Sunday, September 3, 2023

European Hornet

Several years ago, while vacationing in Tennessee’s Smoky Mountain National Park, I noticed a large wasp struggling to carry a seemingly paralyzed cicada. At first, I thought the wasp may be a cicada killer, the size was right, but the coloration and pattern was all wrong. When we returned home, I used the pictures I took to identify it as a European hornet. These are the only true hornet in the United States (except for one more that has recently showed up on the landscape of our country, but more on that in a bit). They may reach lengths up to an inch or a little more in the case of the queen. Their head is red and yellow, thorax brown and red, and the abdomen is striped with brown and yellow. They are a strikingly beautiful wasp. They sometimes are referred to as the brown hornet or giant hornet and were first introduced into the United States in 1840 via cargo containers from Europe. Since then, they have established themselves all throughout the Eastern United States and are locally common where they occur. Like many non-native species that show up in our country, they are eventually considered naturalized. Examples would be the honeybee, Virginia opossum and the nine-banded armadillo. However, the list definitely does not end there. 

The common name of giant hornet (mentioned above) that is sometimes attributed to them is a bit of a misnomer. While they are large for a wasp, the true giant hornet is from Japan and adjacent countries. These monstrously large hornets are the largest hornet in the world and with lengths up to 2 inches or more and a wingspan of 3 inches it is easy to see why!  The northern giant hornet (formerly referred to as the Asian giant hornet) or as it is also referred to, albeit not so affectionately, as the murder hornet…. has recently made an appearance in the United States. I’m sure this moniker bestowed upon this very much unwelcome hornet comes from the aggressive temperament and ¼ long stinger!  In 2019 it was found in British Columbia, and by 2020 was sighted in Washington state, and in 2022 a nest was located and destroyed. This has prompted all sorts of worries of an invasion, not to mention misidentifications. Any large, brown, and yellow wasp-like creature must be a murder hornet. This is simply not true. While European hornets resemble giant hornets, they have a much better disposition and are not likely to ever cause the problems its much larger cousin can and probably will. Giant hornets form massive hives and feed their offspring almost exclusively on honeybees. The USDA and other governmental organizations as well as many local (to where they were found) organizations are working diligently to keep tabs on the spread of this potential new invasive species.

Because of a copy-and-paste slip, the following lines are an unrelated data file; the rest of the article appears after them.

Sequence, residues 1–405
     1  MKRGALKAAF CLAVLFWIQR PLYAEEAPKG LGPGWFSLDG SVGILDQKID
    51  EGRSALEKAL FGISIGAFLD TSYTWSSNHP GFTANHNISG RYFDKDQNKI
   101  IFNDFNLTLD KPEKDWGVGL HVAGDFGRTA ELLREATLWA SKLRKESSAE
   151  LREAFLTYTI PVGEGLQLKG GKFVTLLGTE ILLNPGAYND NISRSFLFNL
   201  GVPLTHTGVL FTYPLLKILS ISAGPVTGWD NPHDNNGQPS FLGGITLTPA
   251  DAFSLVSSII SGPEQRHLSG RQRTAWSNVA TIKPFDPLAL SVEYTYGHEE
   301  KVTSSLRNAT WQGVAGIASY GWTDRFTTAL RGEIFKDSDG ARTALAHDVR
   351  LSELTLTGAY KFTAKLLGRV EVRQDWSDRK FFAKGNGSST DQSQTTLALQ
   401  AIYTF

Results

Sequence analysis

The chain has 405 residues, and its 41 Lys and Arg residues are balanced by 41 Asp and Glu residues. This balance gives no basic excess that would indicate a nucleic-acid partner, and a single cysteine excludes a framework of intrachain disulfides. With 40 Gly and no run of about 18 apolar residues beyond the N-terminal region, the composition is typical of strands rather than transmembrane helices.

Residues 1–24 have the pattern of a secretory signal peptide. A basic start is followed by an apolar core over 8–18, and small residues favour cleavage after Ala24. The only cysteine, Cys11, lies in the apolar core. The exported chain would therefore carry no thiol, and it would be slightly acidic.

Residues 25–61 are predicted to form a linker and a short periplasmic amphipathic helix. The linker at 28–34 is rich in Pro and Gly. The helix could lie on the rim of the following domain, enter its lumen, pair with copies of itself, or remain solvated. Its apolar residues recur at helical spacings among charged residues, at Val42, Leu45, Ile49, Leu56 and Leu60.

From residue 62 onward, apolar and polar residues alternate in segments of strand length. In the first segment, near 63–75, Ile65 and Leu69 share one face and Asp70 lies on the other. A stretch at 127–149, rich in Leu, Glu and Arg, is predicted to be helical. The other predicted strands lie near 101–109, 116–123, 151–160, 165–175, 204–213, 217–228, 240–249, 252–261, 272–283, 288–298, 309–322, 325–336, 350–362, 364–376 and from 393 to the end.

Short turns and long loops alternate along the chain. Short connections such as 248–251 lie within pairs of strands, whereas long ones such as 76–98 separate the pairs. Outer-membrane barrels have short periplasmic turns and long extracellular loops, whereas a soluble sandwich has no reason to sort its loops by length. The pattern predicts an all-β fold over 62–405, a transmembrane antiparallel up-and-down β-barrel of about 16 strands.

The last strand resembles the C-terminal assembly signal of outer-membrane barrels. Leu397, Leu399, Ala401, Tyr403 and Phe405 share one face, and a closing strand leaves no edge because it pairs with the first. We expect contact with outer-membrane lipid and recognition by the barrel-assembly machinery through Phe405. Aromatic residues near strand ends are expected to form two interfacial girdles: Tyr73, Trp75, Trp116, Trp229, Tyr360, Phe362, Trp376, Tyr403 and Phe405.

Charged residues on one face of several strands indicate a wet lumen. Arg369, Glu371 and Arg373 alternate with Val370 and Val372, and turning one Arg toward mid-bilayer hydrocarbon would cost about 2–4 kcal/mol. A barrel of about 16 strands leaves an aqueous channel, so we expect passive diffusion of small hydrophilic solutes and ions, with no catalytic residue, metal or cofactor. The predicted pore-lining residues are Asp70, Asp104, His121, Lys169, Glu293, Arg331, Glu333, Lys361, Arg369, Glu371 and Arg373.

Photo By: Steve Scott
The European hornet is rarely aggressive and usually only defensive if mishandled or when the nest is disturbed. We know eusocial insects, like hornets, paper wasps and yellow jackets can and do defend their nests with vigor, as anyone who has been unfortunate enough to get close enough has found out. While this behavior can seem aggressive, it truly is defensive. They are protecting their queen, her offspring, their food stores, and each other. There is a lot at stake, and they don’t tolerate potential invaders. Many social insects use pheromones to send messages throughout the hive, but in the case of the European hornet, it is now believed they use a different form of communication. When notifying their fellow workers that danger is nearby, they perform a dance outside the hive that alerts their hive mates to an approaching threat. In no time you may have numerous hornets all descending upon you at once determined to remove you from the area by the only means available to them, the stinger.